Phylogeny of the the Arachnida, which includes spiders, scorpions, ticks, mites, harvestmen, and their relatives. This tree relates especially to the feature “loss of lungs.” Whether this loss really happened remains speculative. After Weygoldt und Paulus (),



Figure 9.

Lungs and tracheae in arachnids. Lungs are present in Scorpiones, Amblipygi, and Uropygi and also spiders (Araneae). In the other groups a tracheal system is present. After various authors (). A atrium of the tracheae, Ch chelicera, OpSp opisthosomal spiracle, PrSp prosomal spiracle, and STr secondary tracheae.



Figure 10.

Lungs, tracheae, and spiracles in spiders. Orthognatha species possess two pairs of book lungs lying directly behind the thorax. In Dysdera, tracheal spiracles are situated just behind the lungs, which are markedly reduced. In most Araneae, for example, wolf spiders or garden spiders and also shown in the spider in the middle of the figure, two lungs and a tracheal system with four simple tube tracheae are realised. In Misumena, for example, crab spiders, tracheae are restricted to the pleon. In Argyroneta, for example, water spider, lungs are completely reduced and tracheae fill the entire body. In Nops only tracheae exist, while in Pholcus only one pair of lungs is realised. In jumping spiders, shown for Salticus and Euophrys, the secondary tracheae reach into the thorax. Two electron micrographs show sections through the thorax with tracheae in the gut epithelium (Gu) and the nervous system (NS). At tracheal atrium, He heart, Lu lungs, Mu muscles, Ptr primary tracheae, and STr secondary tracheae.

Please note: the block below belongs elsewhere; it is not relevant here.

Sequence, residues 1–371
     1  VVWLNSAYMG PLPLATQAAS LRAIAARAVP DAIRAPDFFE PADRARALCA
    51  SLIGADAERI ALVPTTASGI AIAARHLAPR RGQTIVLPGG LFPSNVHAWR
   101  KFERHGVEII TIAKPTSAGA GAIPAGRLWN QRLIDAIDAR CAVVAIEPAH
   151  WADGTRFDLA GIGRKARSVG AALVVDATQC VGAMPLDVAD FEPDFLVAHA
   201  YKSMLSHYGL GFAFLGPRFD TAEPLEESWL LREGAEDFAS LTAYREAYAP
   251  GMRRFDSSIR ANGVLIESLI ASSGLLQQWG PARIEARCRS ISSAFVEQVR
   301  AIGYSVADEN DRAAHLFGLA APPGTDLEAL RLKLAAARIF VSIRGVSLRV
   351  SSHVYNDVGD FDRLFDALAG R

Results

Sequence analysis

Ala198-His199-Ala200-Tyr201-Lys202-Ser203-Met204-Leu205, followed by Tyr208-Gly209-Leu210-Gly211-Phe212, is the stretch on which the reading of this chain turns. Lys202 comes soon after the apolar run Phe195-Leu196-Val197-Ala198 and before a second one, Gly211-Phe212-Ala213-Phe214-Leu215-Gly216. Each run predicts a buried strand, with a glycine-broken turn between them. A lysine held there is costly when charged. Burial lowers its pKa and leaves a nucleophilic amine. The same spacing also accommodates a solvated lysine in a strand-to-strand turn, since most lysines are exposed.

Figure 11.

Tracheae and spiracles in myriapods. A Lithobius (Chilopoda, Lithobiomorpha), B Scutigerella (Progoneata, Symphyta), C and D Scutigera (Chilopoda, Notostigmophora) the dorsal side of the animal with spiracles (C) and one segment is shown in detail (D). Adapted from Westheide and Rieger ().



Figure 12.

Discontinuous respiration in insects. A Hyalophora cecropia at the end of diapause, a stage of dormancy, B Periplaneta americana resting at 20°C, after Kestler ().



Figure 13.

Hagfish. Schematic frontal section of a gill pouch from the left side of a hagfish shows the path of water flow (black area and white arrows) and blood flow (black arrows). Stippled blood vessels indicate oxygen‐poor blood. After Perry (), with kind permission from Springer Science+Business Media.



Figure 14.